Yeshe Bahamon-Beesley lives and works in Manchester, United Kingdom.
Blended practices become the main expressive means of artists today. Marissa Malik uses printmaking, writing, illustration, video and is mostly known through her work as DJ and even more for her preoccupation with astrology through her column in gal-dem, a media platform for journalism by females of colour. She comes from a Pakistani and Mexican heritage, and situates this cultural wealth at the core of her constitution and artistic practice. Being interested in the way diasporic communities maintain their relationships to motherlands, she seeks to rewrite colonial narratives, amplify voices of marginalised identities and examine how identity formation occurs between the first generation of people of colour and the effects of their loss of ancestral languages. She identifies as a Bruja, a witch of lesser magic, a path that many Latinx artists, especially female and queer artists, embrace. It is the proud reclaiming of a cultural taboo, turning it into a means of empowerment that defies patriarchal stereotypes. Bruja and Bruja Feminism, Astrology and Tarot reading – popular tools of self-identification and expression amongst fellow artists of her generation and Malik’s favourite tools – have all been demonised by Christianity. Now, they return stronger and more appealing to the digital natives. By means of social media this healing intersectional feminism is becoming global. Its strength lies in feminine power and its omnipotent drive to lead us into a different future by reconnecting to the roots and re‑channelling their innate wisdom.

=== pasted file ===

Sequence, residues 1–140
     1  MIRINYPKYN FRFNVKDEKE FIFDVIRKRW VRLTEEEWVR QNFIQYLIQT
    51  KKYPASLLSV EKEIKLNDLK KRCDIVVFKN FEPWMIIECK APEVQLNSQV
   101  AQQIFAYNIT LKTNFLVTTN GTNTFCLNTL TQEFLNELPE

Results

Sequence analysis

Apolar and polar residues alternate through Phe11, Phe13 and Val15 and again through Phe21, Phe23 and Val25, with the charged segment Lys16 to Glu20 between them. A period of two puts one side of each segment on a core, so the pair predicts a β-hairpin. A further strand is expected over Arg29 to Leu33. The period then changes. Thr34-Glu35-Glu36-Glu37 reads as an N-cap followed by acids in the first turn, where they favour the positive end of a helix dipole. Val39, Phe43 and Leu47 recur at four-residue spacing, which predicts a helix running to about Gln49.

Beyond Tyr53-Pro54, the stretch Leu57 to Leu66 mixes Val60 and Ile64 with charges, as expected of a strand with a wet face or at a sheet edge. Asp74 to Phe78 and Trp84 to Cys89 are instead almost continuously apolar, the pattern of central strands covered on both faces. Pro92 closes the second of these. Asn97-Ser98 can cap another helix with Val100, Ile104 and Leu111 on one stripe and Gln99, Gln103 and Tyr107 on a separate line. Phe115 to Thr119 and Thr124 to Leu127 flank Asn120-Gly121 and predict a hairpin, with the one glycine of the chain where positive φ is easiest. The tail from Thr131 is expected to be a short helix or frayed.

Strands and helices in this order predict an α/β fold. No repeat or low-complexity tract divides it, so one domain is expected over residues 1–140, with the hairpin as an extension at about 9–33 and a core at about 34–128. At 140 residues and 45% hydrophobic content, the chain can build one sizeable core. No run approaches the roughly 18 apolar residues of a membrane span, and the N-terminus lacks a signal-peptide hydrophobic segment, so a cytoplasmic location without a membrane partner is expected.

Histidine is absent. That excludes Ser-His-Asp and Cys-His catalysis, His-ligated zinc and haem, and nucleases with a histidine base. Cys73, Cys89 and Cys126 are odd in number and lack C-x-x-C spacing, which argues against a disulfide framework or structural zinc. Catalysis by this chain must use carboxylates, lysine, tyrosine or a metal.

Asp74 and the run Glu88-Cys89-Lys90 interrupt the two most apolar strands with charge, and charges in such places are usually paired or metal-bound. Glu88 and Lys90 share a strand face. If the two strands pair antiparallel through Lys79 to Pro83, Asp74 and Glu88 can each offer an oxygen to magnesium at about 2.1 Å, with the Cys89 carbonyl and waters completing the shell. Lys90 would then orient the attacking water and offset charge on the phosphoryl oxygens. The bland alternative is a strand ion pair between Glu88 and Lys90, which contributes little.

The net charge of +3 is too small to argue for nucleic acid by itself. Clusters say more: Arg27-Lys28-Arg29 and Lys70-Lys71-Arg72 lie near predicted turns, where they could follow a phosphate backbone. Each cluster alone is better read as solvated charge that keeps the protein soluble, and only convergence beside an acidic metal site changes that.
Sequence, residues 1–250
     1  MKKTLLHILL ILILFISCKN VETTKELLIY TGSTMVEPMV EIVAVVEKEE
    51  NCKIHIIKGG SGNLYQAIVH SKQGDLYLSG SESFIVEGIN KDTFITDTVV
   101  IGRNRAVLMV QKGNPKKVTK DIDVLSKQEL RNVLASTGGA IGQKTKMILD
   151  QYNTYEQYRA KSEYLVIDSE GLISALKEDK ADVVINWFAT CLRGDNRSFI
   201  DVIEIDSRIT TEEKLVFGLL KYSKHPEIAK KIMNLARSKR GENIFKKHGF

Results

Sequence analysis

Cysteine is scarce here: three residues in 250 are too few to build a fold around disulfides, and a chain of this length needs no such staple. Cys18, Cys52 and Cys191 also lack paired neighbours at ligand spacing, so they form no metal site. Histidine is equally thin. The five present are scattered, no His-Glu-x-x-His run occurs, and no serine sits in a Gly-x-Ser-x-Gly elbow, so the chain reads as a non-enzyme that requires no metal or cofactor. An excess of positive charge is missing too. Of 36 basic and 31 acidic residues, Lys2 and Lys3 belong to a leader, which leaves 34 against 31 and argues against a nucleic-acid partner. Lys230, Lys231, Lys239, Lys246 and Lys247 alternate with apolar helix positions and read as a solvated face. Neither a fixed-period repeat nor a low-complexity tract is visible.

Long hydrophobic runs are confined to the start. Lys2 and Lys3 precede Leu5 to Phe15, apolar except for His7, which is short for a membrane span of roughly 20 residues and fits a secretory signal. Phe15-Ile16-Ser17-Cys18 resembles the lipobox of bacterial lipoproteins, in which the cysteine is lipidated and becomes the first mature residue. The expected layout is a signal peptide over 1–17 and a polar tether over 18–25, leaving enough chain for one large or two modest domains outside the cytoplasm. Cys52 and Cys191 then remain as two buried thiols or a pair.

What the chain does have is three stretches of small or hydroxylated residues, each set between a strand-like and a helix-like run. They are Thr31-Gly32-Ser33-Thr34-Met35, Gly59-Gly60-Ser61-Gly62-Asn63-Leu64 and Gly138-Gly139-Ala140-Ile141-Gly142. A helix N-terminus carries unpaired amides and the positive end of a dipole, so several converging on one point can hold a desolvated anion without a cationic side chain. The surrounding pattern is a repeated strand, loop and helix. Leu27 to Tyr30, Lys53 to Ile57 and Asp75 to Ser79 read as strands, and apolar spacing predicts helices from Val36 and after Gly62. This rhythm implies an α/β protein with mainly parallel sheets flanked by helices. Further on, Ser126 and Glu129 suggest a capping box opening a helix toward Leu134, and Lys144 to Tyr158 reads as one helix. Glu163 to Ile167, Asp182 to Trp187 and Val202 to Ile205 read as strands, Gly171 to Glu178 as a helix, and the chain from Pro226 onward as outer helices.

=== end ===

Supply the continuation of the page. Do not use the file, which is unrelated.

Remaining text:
DESENTERRADA (DISCARDED), 2021
Sonic lecture & sound performance, approx. 40’
Courtesy of the artists